Monday, November 14, 2016

Chickens are molting (and it's not pretty)

If you have been to our farm recently, you might have noticed that some chickens look a bit ...bad: They have unsightly bald patches of skin that one would not expect in a healthy, happy chicken.

A molting chicken with bald back.
Everyone doesn't have to look like a model, right?!
Now I know that it's because the chickens are molting, but when I first observed the bald spots some weeks ago, I was at loss what the cause of such massive feather loss might be.
The assorted possible reasons included stress (I tried hard but couldn't think of any source of stress of our chickens), disease (other than bald backs, chickens appeared healthy), bad nutrition (for a while I actually increased the proportion of ready-made feed to make sure I wasn't screwing up nutritional balance with too much of local sources, but nothing changed.), skin parasites (I checked bad-looking chickens for mite and the like, and found nothing), pecking (there is clear hierarchy in the flock and small fights do occur, but I never witnessed the kind of aggressive pecking that would lead to such feather loss.), and roosters (repeated jumping on the hen's back can damage her feathers - this still seems to be the case for popular hens, even though we now have only one rooster.) None of these options looked plausible, and no wonder, the answer was much simple: our chickens entered the molting period.

Molting is a natural process usually occuring in late summer or in fall, when days get shorter and chickens finish their egg laying cycle (about 10-month long). Not all chickens follow the textbook description and some start molting earlier, some later, and even their molting patterns are individual. It can take two to four months to replace the old feathers with new ones, so we can expect chickens' shabby look to continue for a while.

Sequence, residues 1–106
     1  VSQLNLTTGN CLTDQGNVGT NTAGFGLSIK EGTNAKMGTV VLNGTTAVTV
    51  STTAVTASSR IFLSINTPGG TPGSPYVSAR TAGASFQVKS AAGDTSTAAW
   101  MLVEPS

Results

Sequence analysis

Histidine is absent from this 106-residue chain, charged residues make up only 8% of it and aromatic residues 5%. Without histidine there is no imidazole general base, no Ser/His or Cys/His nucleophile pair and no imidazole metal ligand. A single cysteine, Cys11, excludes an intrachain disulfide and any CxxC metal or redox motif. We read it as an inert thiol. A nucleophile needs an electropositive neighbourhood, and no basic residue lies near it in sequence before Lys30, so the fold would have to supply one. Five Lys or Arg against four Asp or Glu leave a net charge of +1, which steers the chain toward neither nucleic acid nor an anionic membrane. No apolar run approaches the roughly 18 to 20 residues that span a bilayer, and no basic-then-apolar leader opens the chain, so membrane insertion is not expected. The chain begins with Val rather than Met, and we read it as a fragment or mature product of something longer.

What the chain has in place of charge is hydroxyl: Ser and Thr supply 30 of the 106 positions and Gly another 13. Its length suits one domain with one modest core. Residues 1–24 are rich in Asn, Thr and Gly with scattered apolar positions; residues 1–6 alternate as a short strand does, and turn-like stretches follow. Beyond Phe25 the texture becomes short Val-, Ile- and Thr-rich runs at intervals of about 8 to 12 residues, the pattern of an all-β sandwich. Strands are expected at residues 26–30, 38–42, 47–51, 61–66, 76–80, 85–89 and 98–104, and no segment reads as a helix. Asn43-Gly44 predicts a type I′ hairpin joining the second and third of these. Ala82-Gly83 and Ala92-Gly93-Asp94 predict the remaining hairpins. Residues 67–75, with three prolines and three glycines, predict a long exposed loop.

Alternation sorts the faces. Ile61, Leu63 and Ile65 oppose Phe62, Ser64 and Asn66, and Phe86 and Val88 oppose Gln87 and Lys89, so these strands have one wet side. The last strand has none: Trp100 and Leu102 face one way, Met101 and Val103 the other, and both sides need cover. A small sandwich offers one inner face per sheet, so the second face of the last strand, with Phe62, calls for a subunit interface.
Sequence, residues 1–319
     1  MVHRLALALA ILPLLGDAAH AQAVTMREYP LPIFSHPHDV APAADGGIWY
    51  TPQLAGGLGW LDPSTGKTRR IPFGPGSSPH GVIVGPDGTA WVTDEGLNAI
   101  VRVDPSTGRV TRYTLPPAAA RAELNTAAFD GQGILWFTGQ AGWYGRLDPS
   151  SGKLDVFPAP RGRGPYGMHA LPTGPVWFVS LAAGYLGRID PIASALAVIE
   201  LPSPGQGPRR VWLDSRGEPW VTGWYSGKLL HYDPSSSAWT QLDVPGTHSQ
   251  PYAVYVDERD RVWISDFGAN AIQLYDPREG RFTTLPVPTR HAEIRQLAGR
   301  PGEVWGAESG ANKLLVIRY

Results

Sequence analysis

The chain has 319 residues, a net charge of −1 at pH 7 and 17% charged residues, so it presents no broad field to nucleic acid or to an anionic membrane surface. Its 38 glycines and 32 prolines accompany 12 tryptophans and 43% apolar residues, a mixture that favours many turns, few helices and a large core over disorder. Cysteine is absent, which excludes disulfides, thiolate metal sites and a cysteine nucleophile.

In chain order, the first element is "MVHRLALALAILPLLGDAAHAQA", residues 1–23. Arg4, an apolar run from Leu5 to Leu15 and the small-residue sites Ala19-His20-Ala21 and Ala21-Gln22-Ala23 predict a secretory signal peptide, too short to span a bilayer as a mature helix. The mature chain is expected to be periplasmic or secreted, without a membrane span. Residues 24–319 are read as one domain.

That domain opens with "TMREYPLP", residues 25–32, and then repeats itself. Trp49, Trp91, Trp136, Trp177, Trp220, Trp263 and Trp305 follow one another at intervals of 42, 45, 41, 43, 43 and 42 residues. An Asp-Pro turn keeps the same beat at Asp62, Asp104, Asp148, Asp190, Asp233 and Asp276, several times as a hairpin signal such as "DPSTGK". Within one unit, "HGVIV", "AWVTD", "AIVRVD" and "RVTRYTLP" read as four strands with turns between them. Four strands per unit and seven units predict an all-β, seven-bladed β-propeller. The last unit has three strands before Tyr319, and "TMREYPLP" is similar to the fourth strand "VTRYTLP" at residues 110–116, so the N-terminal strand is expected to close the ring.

A molting chicken, losing and regrowing all feathers at once
This is the worst-looking chicken in our flock. This girl is losing all
feathers at once (unlike other chickens who mostly have just bald backs)...

A chicken during molting. Lost feathers are replaced by new ones.
... but she's also regrowing them much faster than others
(the sharp 'needles' sticking out of the skin are new feathers.)

The aesthetic consequence of molting is temporary unsightliness, which is fine. The economic consequence is more serious - during molting, chickens lay fewer eggs, and of worse quality. Commercial egg farms deal with this "problem" in one of two ways: 1. they kill the chickens (and replace them with new ones); 2. they do forced molting - induce molt in the chickens by starving them for two weeks, during which they regrow their feathers quickly and start laying a lot of pretty eggs again for a few more months. This forced molting is considered animal abuse and banned in many countries, but not in Japan. I know of at least one small farmer raising hens in barns (平飼い)who does forced molting in his flock.

Which leads us to the question: What is the plan on our farm, which is, after all, a commercial operation. Needless to say, we won't do the forced molting. The plan has been to reduce the number of chickens by the end of this year. Of course reducing the number of chickens is euphemism for killing them, and that's where we bumped into a problem: we are not able to kill them. I tried and I couldn't do it. The line between a "pet" and an "economic animal" has always blurry on our farm. Just as most people would (and should) find it difficult to cut their cat's or hamster's throat and let it bleed out, so do we find it difficult to kill our chickens. We'll have to figure out what to do, and how to do it.

In the meantime, here are a few pics from yesterday. Title: Enjoying life, chicken version.
(Molting is only problem for humans.)

Free range chickens and goats. Solar sharing farm in Tsukuba, Japan.

Free range chickens on a solar sharing farm, Tsukuba, Japan

Free range chickens on a solar sharing farm, Tsukuba, Japan.

Free range chickens, solar sharing, Tsukuba, Japan.